Charles IV Royal Procession re-enacted to boost tourism in Central Bohemia

Photo: CTK

This weekend, Central Bohemia was taken back to the fourteenth century as actors and politicians took part in a re-enactment of Holy Roman Emperor Charles IV's traditional annual journey from Prague Castle to Karlstejn. The two-day procession was accompanied by various other events, introducing visitors to everyday life seven centuries ago. It was the first of an annual event launched by the governor of Central Bohemia, the aim of which is to help boost tourism in the region.

Photo: CTK
Hundreds of people welcomed Emperor Charles IV at Prague's Old Town Square this weekend as the royal procession made a brief stopover in the city centre on its way to Karlstejn. The role of the Holy Roman Emperor was played by Czech actor Vladimir Cech. He was accompanied by Lord Mayor of Prague Pavel Bem as Wenceslas of Luxembourg and the Governor of Central Bohemia, Petr Bendl, as Margrave of Moravia John Henry of Luxembourg.

Photo: CTK
But why was the royal procession so important and what was its purpose? Veronika Dlouha is from the Central Bohemian governor's office:

"We know that Charles IV gained the Imperial crown jewels in 1350 and a few years later he had them put in the Chapel of the holy Cross at Karlstejn Castle. Each year after the Easter holiday, though, Charles IV had the crown jewels displayed at the Corpus Christi Chapel on Cattle Market Square in the New Town of Prague. Pilgrims from every corner of Europe came to pay their respects to the crown jewels. After this special occasion or celebration, Charles IV took the crown jewels back to Karlstejn Castle and this journey was a kind of spiritual journey for everyone who was involved."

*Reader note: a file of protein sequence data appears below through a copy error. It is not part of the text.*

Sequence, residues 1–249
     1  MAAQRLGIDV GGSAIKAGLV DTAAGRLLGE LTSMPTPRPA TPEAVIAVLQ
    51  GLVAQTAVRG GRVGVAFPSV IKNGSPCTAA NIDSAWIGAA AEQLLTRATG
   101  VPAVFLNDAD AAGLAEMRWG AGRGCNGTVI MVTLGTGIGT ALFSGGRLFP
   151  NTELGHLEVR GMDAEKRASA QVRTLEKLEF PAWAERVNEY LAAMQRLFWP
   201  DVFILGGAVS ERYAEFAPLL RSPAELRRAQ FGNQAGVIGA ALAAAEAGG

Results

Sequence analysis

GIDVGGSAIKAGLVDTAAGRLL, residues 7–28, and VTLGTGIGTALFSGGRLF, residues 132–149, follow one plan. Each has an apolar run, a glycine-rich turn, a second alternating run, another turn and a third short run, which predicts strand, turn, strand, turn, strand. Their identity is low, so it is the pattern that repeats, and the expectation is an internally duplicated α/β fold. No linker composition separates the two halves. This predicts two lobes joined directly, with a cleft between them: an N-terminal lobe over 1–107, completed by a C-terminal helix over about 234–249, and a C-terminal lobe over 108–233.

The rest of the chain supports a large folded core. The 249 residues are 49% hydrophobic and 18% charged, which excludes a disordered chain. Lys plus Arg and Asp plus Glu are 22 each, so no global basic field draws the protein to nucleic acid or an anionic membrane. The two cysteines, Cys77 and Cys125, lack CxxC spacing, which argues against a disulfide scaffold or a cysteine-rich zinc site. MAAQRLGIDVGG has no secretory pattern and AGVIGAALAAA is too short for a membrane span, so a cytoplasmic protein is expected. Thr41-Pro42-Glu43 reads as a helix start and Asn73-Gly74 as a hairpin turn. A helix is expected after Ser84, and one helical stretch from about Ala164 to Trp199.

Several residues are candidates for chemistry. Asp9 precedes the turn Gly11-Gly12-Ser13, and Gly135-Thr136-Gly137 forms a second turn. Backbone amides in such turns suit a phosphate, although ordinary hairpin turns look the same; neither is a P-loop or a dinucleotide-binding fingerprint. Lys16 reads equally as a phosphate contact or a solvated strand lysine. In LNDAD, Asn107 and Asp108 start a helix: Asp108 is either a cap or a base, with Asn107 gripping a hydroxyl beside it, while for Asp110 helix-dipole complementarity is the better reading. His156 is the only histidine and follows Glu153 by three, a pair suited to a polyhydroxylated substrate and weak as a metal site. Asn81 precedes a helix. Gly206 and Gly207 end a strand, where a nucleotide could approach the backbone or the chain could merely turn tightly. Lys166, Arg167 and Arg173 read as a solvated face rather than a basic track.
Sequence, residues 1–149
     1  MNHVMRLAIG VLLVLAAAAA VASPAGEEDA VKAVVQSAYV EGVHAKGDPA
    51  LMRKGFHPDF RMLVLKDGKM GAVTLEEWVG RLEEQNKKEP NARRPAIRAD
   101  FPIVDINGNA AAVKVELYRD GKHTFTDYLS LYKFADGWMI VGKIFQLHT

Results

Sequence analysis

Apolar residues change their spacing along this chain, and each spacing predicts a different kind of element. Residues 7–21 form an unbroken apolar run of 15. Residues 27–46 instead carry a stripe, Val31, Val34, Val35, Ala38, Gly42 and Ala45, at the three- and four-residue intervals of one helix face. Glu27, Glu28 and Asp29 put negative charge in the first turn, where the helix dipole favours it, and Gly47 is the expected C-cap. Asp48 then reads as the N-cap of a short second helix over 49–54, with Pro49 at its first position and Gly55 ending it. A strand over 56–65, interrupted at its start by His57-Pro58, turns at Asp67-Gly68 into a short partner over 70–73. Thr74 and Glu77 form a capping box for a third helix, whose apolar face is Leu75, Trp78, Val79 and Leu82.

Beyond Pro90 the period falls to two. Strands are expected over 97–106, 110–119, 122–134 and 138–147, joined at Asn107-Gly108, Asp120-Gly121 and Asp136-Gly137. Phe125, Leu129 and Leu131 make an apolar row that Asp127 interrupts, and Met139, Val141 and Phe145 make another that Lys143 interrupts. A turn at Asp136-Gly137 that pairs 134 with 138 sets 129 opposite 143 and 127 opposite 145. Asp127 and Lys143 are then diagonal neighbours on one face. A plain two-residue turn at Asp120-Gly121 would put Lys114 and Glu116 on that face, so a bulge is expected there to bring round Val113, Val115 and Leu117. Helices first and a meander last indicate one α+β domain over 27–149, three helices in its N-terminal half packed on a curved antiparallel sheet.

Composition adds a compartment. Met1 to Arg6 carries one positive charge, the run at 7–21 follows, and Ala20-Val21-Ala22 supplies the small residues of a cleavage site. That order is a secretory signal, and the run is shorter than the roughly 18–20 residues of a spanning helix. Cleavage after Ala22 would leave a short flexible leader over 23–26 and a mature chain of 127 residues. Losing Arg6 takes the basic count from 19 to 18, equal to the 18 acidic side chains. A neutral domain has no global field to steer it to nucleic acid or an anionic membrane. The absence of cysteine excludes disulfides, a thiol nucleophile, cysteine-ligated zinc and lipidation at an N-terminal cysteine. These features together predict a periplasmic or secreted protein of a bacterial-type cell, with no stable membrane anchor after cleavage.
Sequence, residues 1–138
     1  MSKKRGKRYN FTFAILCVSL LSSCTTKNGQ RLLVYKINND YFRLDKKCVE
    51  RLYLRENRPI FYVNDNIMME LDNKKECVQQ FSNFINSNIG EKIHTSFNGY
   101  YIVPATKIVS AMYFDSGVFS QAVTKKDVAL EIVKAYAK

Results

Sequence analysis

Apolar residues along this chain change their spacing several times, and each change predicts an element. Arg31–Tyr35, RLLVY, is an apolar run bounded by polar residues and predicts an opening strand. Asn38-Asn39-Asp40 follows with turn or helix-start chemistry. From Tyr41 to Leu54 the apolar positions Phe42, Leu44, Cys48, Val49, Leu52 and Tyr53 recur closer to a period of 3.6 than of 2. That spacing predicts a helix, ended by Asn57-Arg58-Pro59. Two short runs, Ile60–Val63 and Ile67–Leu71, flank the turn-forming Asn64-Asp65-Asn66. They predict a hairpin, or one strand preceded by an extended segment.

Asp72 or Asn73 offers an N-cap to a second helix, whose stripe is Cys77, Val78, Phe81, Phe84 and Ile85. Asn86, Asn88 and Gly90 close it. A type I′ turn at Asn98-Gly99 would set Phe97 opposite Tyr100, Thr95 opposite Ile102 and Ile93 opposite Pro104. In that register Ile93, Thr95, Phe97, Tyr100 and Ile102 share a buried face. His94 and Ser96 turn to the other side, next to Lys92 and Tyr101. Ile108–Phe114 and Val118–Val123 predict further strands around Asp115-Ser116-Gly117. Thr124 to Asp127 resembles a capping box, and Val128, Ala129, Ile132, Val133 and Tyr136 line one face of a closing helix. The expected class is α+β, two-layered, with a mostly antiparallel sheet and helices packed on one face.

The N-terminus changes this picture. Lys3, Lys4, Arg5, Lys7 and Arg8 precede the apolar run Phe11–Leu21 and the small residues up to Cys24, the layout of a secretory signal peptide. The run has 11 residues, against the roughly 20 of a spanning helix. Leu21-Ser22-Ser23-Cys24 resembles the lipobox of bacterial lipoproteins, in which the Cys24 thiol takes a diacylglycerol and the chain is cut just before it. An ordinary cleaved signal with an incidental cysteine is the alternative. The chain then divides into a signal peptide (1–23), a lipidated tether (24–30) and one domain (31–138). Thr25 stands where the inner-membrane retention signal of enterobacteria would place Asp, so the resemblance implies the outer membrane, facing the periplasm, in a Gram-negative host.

Karlstejn Castle
Once the procession arrived at Karlstejn Castle the next day, Charles IV, other members of the imperial court, and his distinct guests ceremoniously deposited the crown jewels in Karlstejn Castle's Big Tower chapel. The two-day event came to an end with a theatrical performance of the popular Czech musical "A Night at Karlstejn".

The festivities will be held every year, says Martin Kupka - spokesman for the office of the Governor of Central Bohemia:

Photo: CTK
"I hope that this event will be the strongest event in the Central Bohemian region. For us, it's also a way to invite people from Europe, America, and the rest of the world. It was the first time that this event took place and now we know that it is also an attractive event for residents of Prague and the Central Bohemian region. We attracted more than 26,000 people during the two days."

The main aim of the re-enactment of the royal procession is to highlight Central Bohemia's tourist attractions. The procession made stopovers at the villages of Dobrichovice, Lety, Revnice and Hlasna Treban. Visitors to each of these places encountered fourteenth century knights, and were entertained with a fencing tournament, traditional crafts, medieval music, and rides in horse-drawn carriages.